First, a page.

The start-up of you by Reid Hoffman and Ben Casnocha is one of those books that a friend referred to me but I never got around to reading. Finally, last month my friend Jacob suggested the book for a business book club I’m part of and I finally got around to tackling it. (Plug: Amazon’s Whispersync saves your spot if you listen to the audiobook and kindle edition so you can get the book done way faster if you use both formats)
The premise of the book revolves around the idea that the key element to career success is to always be in a stage of “Permanent Beta”. For those of you who don’t know, entrepreneurs and start-ups use this term to describe a constant state of learning and pivoting. In essence, choosing a direction but always being open to opportunities, ideas and growth that you may not be able to see today.
But before I get into some of my favorite ideas in the book, I’ll fill you in on some information about one of the authors, Reid Hoffman. Reid started Linkedin back in the early 2000’s and is now the Chairman of the Board. He has been a mentor and investor to many start-ups from Silicon Valley and continues to be a prominent thought leader in entrepreneurship, technology and of course start-ups.
Back to the book.
The start-up of you is broken up into seven chapters, each one dealing with principles and practices that start-ups use that can be applied to developing career success. Below, I’ve listed the seven chapters with my key takeaway from each section.
Chapter 1: All Humans Are Entrepreneurs
- The old career rules are dead. We have to constantly pivot and find new types of jobs and value to bring to the employers or clients that hire us.
Chapter 2: Develop a Competitive Advantage
- Like every successful business, you need a competitive advantage that’s going to set you apart from the pack. You need a point of differentiation from everybody else who’s applying for the same job or pitching the same client as you. What’s your competitive advantage?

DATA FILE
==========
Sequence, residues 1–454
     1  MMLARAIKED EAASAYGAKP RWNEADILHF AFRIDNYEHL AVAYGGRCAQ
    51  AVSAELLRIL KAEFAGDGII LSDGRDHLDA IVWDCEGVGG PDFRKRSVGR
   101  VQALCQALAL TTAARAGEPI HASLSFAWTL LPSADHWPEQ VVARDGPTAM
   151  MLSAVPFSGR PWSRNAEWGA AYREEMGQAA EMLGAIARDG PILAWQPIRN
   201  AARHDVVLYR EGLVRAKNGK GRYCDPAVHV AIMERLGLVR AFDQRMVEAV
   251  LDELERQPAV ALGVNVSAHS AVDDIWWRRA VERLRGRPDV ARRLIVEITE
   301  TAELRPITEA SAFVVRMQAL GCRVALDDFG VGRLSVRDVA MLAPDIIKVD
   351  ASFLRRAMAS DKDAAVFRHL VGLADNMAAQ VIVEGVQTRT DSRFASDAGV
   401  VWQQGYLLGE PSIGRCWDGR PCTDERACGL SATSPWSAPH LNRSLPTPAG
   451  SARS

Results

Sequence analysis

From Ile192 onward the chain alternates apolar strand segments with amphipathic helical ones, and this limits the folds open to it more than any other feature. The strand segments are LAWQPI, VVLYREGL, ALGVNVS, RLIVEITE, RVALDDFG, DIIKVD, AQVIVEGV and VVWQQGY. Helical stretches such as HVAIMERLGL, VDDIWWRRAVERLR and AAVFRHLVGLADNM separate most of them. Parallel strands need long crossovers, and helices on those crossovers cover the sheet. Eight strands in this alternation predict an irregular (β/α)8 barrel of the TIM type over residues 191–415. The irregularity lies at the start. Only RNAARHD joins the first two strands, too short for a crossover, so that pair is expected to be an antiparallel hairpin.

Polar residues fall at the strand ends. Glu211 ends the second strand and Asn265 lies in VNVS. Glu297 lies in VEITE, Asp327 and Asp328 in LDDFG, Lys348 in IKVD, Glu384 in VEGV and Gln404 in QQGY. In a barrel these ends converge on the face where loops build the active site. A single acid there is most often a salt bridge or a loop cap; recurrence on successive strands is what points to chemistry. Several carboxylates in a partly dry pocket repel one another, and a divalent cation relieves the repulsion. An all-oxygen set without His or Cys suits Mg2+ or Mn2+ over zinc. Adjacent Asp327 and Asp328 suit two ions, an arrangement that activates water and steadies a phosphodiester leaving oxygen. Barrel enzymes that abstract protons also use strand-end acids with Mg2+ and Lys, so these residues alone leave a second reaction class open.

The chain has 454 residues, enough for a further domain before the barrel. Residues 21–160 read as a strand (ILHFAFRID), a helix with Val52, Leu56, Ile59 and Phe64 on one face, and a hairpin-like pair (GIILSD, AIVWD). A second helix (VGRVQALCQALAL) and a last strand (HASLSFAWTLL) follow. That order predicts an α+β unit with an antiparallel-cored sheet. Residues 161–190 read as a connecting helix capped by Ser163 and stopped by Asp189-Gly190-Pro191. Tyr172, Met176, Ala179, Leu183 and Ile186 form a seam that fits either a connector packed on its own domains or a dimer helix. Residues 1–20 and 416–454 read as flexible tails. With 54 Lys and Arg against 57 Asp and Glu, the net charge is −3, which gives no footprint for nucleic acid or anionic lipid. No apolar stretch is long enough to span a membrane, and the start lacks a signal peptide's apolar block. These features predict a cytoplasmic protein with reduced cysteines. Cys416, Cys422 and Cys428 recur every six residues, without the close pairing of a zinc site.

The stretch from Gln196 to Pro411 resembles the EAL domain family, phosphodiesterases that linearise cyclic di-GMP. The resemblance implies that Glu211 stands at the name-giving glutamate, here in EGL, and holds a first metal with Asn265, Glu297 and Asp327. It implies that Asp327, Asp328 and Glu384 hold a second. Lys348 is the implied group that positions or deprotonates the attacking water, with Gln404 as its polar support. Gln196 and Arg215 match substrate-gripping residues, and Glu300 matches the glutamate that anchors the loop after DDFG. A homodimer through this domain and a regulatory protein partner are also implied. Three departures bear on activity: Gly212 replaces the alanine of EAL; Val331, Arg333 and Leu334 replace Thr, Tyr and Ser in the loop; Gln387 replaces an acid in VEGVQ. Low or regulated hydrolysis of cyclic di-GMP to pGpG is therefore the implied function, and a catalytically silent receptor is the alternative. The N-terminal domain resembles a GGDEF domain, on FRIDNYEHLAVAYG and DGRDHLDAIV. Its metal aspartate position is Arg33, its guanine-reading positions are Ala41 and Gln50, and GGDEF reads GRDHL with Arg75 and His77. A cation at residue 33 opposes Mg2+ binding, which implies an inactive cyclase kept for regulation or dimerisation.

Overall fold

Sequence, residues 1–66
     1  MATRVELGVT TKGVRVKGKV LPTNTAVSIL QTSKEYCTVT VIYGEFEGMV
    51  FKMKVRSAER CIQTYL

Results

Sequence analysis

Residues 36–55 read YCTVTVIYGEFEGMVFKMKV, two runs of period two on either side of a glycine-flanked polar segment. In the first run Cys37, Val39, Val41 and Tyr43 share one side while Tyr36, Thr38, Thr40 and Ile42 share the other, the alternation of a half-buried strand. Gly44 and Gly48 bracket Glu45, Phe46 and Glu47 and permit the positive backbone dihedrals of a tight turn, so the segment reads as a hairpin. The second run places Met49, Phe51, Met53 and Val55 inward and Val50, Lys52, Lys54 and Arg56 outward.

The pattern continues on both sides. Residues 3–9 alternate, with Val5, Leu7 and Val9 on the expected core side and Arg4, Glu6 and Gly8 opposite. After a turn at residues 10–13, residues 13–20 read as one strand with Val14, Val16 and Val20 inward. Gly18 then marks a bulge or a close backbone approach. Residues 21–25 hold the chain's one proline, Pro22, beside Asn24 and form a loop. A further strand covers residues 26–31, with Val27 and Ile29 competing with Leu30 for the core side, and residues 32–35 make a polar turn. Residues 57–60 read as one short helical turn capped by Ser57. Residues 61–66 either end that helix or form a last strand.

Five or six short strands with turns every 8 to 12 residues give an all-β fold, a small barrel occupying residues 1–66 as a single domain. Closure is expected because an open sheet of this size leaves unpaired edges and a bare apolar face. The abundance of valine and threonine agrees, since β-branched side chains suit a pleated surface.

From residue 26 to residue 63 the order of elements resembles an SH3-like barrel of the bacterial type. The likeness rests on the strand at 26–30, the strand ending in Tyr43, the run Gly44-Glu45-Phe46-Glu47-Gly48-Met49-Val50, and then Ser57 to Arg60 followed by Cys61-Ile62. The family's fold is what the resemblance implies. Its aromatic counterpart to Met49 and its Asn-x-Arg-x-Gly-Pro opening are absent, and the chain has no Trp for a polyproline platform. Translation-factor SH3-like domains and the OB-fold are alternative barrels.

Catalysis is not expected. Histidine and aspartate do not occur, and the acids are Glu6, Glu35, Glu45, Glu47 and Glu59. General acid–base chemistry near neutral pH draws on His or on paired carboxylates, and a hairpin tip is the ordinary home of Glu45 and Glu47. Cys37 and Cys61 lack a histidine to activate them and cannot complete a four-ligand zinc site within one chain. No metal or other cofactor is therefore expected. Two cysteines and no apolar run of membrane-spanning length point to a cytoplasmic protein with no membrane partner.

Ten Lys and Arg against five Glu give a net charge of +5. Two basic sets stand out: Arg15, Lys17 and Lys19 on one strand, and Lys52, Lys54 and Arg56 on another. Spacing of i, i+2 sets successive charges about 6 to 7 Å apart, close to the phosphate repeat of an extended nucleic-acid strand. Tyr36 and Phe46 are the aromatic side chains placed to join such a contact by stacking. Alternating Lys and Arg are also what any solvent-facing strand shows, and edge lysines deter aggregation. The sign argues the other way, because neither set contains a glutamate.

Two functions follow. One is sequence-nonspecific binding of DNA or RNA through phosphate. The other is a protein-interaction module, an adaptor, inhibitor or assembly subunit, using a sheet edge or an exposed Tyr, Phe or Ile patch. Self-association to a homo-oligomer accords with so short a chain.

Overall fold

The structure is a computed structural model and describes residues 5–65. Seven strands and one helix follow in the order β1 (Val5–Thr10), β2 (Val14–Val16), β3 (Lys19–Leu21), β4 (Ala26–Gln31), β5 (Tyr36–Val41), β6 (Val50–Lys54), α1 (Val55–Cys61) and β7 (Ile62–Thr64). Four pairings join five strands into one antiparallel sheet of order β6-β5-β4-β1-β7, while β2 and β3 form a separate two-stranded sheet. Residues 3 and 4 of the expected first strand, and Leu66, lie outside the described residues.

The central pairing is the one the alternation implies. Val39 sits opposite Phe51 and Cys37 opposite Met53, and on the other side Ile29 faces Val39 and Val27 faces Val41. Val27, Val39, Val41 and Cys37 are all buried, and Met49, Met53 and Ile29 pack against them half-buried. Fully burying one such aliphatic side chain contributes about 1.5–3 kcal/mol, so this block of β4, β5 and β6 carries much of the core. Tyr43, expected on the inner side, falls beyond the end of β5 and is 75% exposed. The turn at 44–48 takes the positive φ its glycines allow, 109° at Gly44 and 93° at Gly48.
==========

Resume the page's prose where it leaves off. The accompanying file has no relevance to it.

Chapter 3: Plan To Adapt
- The world is changing quickly and making plans too far into the future may not be effective. Plan for the future but be ready to change direction or have a backup plan just in case. Figure out what your Plan B and Plan Z. This reminds me of the adage “A failure to plan is a plan to fail”
Chapter 4: It Takes A Network
- This chapter boils down into the nitty gritty of how to build and maintain an effective network. Reid identifies two distinct groups in your network: 1) Allies 2) Weaker ties and acquaintances You should know which group to approach for career advice or for new opportunities. Another key point is that relationships are vital to maintainin a healthy and effective network.
Chapter 5: Pursue Breakout Opportunities
- Reid talks about how George Clooney found his breakout role in the hit TV series “ER”. Think about what your breakout opportunity could be and then do everything you can to get it.
Chapter 6: Take Intelligent Risks
- Learn how to size up risk appropriately but don’t be afraid to go after a risky opportunity. Exposing yourself to risk regularly helps you acclimatize to when unforseen circumstances hit.
Chapter 7: Who You Know Is What You Know
- Use your network as a highly sophisticated system of business intelligence. By tapping the right people for information, you may be able to avoid a crisis or gain insight into an opportunity your pursuing.
The book is loaded with lot’s of case studies and examples that can be applied right away either to help you find a new career, expand your network and just simply get you thinking about living your life in permanent beta.